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Racial bias so deeply embedded that you might not recognize it in you

The Baltimore Sun

ATLANTA -- After a recent column describing Sen. Barack Obama as "a presidential candidate who happens to be black - not a black presidential candidate," I received many responses from readers, a handful of them odd. That odd handful declared they take no notice of superficial traits such as skin color, and they took me to task for making any reference to Mr. Obama's race.

"If people really, truly want racial equality, then the first step has to be to STOP looking at skin color," wrote one reader. "When I look at a person, the last thing I think about is skin color or heritage," wrote another.

Sorry, but I'm not buying it. While I am sympathetic to any desire to get past dated and useless habits of mind, that's just nonsense. None of us, black, white or brown, is colorblind.

Those readers may think they don't notice skin color, but it's just not so, says University of Washington psychology professor Anthony Greenwald, an expert on implicit biases and common stereotypes.

That's not a condemnation, or a presumption of malicious bigotry. It's just an acknowledgment of the peculiar burdens of humanity, especially in the U.S.

Each of us is stuck with prejudices. But we don't have to be governed by them.

Cutting-edge work by Mr. Greenwald and his colleagues suggests that people can learn to put aside their biases to make rational, fact-based judgments about people who may be black or Mexican or Mormon.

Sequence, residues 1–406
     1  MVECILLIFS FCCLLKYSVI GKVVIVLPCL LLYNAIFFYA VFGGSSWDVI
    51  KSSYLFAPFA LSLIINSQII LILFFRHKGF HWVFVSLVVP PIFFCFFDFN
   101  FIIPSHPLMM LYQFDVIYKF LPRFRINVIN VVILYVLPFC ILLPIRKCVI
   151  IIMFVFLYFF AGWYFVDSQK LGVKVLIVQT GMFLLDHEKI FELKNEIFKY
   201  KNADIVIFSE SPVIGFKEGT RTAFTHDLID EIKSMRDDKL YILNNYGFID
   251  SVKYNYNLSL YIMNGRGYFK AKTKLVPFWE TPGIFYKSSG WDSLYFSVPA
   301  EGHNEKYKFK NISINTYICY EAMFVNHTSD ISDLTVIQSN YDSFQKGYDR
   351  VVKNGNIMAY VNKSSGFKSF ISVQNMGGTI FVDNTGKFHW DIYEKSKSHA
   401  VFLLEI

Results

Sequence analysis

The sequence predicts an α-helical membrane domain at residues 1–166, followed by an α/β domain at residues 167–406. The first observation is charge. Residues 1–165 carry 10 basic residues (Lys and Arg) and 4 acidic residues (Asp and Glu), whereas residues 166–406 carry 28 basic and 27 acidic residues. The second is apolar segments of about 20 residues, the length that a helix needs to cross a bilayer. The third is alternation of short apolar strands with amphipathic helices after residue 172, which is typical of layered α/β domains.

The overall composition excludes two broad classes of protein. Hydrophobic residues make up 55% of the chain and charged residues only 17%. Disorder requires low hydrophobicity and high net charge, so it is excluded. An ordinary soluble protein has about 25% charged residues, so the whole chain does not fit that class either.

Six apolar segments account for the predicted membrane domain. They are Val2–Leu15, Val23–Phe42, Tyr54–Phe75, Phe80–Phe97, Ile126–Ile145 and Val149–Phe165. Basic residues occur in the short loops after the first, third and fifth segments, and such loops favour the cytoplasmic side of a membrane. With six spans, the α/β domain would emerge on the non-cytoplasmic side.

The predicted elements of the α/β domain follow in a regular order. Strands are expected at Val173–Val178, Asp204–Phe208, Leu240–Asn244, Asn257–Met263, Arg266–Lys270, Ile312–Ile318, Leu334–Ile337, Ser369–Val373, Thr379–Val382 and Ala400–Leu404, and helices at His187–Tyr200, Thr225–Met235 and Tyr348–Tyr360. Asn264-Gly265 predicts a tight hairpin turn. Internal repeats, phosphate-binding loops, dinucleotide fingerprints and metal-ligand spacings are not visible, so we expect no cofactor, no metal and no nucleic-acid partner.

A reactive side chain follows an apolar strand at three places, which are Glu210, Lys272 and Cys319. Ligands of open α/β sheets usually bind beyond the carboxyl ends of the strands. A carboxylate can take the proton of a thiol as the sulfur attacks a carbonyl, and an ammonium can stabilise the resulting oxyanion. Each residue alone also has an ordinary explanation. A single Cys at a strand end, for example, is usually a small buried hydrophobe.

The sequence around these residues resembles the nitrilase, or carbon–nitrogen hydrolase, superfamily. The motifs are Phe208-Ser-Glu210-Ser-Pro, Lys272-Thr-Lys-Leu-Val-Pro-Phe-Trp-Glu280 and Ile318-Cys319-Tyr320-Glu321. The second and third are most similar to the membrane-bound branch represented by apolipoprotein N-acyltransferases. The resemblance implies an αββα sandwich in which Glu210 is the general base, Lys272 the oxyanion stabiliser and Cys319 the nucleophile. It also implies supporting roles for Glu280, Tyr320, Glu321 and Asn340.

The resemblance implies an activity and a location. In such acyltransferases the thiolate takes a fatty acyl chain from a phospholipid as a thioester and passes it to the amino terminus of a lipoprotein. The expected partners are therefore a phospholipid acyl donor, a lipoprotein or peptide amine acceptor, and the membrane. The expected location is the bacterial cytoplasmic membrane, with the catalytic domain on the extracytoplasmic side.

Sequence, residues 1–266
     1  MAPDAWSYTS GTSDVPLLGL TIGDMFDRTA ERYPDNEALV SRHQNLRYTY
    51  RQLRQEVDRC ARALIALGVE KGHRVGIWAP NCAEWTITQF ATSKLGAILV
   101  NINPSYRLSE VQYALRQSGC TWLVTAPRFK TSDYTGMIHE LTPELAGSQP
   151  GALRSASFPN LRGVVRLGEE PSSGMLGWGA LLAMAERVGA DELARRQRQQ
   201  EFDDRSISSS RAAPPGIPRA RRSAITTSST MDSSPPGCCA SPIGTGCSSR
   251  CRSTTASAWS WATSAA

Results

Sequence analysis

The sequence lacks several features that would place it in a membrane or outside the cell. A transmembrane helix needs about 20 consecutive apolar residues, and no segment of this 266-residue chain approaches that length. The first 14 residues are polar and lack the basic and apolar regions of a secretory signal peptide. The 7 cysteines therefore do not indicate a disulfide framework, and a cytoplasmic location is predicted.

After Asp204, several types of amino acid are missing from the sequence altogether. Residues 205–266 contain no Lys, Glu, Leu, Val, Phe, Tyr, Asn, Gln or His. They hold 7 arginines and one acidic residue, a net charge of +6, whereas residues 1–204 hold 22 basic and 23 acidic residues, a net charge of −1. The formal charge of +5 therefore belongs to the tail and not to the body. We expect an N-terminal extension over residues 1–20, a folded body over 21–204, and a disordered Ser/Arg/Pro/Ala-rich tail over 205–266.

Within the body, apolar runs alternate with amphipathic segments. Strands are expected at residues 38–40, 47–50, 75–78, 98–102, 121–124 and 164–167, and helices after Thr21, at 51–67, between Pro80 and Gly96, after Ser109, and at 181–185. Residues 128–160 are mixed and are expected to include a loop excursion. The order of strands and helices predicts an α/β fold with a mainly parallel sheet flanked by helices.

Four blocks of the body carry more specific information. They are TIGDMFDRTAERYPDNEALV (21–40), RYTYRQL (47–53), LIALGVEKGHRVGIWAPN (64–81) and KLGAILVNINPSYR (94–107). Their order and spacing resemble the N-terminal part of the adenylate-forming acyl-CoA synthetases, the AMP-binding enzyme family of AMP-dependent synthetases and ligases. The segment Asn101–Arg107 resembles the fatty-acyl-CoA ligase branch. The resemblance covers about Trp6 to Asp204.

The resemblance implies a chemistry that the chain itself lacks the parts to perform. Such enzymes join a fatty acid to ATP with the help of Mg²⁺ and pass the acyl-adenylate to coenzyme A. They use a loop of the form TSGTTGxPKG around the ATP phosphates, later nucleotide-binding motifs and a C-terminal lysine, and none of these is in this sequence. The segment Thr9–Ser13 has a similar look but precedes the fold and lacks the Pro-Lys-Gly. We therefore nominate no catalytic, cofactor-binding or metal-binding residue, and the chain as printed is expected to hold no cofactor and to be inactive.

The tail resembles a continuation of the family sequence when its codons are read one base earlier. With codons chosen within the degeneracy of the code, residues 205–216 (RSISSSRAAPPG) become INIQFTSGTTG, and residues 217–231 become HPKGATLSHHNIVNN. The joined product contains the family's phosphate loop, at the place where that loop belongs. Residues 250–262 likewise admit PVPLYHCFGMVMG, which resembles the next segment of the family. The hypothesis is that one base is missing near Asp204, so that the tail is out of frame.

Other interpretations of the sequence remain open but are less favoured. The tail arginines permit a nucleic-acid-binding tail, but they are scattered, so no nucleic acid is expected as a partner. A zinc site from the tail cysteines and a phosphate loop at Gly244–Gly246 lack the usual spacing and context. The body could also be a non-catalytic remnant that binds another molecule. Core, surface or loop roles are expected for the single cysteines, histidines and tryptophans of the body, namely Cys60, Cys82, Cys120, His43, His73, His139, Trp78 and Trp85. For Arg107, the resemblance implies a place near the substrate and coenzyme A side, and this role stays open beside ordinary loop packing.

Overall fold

But the first step - as in any self-help project - is to own up to the problem. That self-knowledge is not necessarily difficult to acquire, but it's quite often difficult to accept.

Racial bigotry is a social taboo in this country, so much so that only an extremist fringe - assorted neo-Nazis and skinheads - admit their rank prejudices. That may explain why some volunteers who have taken Mr. Greenwald's Implicit Association Test, which uses word association to detect unconscious biases, are furious when the test shows they hold hidden negative views of black Americans.

But his research has also pointed out that most people simply aren't aware of their implicit assumptions.

Take the current Democratic primary. Mr. Greenwald and colleagues modified the Implicit Association Test to search for unconscious biases among Democratic voters. When asked who they planned to cast ballots for, a sample of voters reported strong support for Mr. Obama, who held a strong lead - 42 percent to 34 percent - over Sen. Hillary Rodham Clinton among the sample, with John Edwards coming in at 12. But when the same people took the Implicit Association Test, measuring their unconscious preferences, Mrs. Clinton was "the runaway winner," favored by 48 percent of them, and Mr. Obama was dead last, with 25 percent. Mr. Edwards was favored by 27 percent, according to the researchers.

And here's one finding that upends conventional wisdom: According to the test, black voters, too, held implicit biases that worked against Mr. Obama. But how could it be otherwise? Black Americans are products of the same culture as white Americans, with its myriad stereotypes of black incompetence. And black Americans have internalized many of the same stereotypes.

Today we celebrate the Rev. Martin Luther King Jr., who dreamed of a day when his children would "not be judged by the color of their skin but by the content of their character." But that day has not yet arrived. We might hasten its dawning if we'd admit that what we see is not necessarily what we believe.

Correction: In a column last week about rigid voter ID laws, I mistakenly referred to the Bill of Rights in underscoring the right to vote. The right to vote is explicit in the 15th, 19th and 26th amendments to the U.S. Constitution.

Cynthia Tucker is editorial page editor for The Atlanta Journal-Constitution. Her column appears Mondays in The Sun. Her e-mail is cynthia@ajc.com.

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